Five Years

Dear Ma,

It has been 5 years, 5 years! Time, it seems, flys even if you’re not always having fun. A lot has changed, life has moved us forward even when we’d prefer to stay rooted to the spot.

I got cancer, can you believe it? I couldn’t but I got it anyway. It’s a weird one Ma, I spent a summer feeling incredibly close yet incredibly far away from you. I wanted to ring you on so many occasions and say “Shit, I’m so sorry, I never knew quite how tough it was for you.”

It’s a bit like re-reading a favorite book only to flip to the last chapter and find a completely different ending than the one you are used to. An ending that reveals a completely different take on the story. I admired your strength when you were going through it all, I truly did but I didn’t understand it. I do now and that’s broken my heart on a few occasions. Thank you for keeping going with treatment for as long as you did. I understand now, what a huge gift of love that was too us all.

I can’t lie, a certain mother/daughter competion kicked in and I need to thank you for that as well. There were many times (*cough*, after every treatment) when I wanted to quit but I think it became a point of pride – You hadn’t quit, so I wouldn’t either. You win hands down in the stoic stakes though. I was entirely more grumbly and grumpy than you were.

Ma, obviously I miss you and I missed you greatly over the summer but I did have a lot else on my plate. It was strange too, it was this massive thing that I had to negotiate without you. I felt I had to let you go a bit, I hadn’t experienced anything comparative with you, so I had no idea what we’d have done. I guess I grieved for you, another grief in a summer of them. I grieved and I grew up too.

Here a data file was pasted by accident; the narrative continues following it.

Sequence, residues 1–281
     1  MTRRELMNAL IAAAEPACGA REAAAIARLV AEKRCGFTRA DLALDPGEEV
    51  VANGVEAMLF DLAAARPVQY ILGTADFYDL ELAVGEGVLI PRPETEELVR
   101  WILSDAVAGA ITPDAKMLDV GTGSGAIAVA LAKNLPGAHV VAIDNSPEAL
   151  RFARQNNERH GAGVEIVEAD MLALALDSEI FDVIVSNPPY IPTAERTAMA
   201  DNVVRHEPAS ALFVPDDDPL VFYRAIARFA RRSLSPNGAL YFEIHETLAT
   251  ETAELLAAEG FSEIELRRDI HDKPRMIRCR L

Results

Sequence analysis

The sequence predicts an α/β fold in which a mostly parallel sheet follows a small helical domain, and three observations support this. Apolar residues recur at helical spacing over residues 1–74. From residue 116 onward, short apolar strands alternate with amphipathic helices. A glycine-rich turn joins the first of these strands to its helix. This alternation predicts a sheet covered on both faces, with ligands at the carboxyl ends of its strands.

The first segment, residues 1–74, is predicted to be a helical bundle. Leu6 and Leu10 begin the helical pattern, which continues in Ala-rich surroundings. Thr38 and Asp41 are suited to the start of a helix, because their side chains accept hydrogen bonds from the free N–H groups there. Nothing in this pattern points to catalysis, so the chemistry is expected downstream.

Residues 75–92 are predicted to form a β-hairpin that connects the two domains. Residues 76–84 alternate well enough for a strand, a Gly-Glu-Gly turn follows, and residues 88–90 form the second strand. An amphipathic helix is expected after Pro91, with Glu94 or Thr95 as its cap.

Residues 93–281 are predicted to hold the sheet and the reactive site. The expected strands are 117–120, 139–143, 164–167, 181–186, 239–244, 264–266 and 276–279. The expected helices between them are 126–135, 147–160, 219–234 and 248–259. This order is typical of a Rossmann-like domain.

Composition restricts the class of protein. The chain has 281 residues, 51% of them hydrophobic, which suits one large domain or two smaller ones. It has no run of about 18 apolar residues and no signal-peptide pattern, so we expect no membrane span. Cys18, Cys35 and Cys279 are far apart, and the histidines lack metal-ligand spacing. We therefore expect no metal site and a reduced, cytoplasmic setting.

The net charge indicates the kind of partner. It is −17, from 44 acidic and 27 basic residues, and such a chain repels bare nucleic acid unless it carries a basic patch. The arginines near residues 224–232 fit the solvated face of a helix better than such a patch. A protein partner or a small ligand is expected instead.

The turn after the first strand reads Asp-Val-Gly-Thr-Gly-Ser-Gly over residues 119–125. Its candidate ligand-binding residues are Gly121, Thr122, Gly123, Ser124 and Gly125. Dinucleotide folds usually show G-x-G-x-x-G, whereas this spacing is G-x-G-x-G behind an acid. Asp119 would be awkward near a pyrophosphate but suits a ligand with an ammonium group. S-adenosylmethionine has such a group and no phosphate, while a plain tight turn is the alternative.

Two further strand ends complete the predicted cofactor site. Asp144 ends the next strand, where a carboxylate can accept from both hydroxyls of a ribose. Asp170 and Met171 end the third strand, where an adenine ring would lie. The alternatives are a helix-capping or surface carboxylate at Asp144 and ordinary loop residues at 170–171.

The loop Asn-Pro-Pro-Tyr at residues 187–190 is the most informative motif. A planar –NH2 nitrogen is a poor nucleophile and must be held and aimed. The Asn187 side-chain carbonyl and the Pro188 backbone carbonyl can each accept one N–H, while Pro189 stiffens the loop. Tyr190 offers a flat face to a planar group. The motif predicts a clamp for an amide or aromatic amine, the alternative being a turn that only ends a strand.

I think you may have gotten frustrated with me while the chemo was on going. I wouldn’t entirely have blamed you, I was frustrated with me at points. Now, though, now I miss your counsel.

I wonder how you lived inside your head after the first time around. My head is like living with a funfair between my ears, which sounds more entertaining than it actually is. It doesn’t settle. I want to yell “STOP”. Riding this Ferris wheel is fun but I can’t actually think for thinking, if you know what I mean. Was it like that for you? Like being overwhelmed with the responsibility of living?

Did you ever think “fuck it I’m going to move to Hawaii or Nashville or Paris and open a cafe?” Did you ever feel that butterfly feeling of having settled for too long on one flower, when there are so many beautiful flowers around? It almost feels there are too many possibilities, that my whirligig self is frightened to pick. Is that living with cancer? Or is that just what living is?

Did you feel all powerful? I have this massive “roar” inside me always on the cusp of escaping. A and Dad are going to hit the roof when they read this, but sometimes I scare myself when crossing the road these days. I stare down cars. It’s an odd reaction to death. It’s not courting it but it’s not all together scary anymore. There are bigger things that scare me.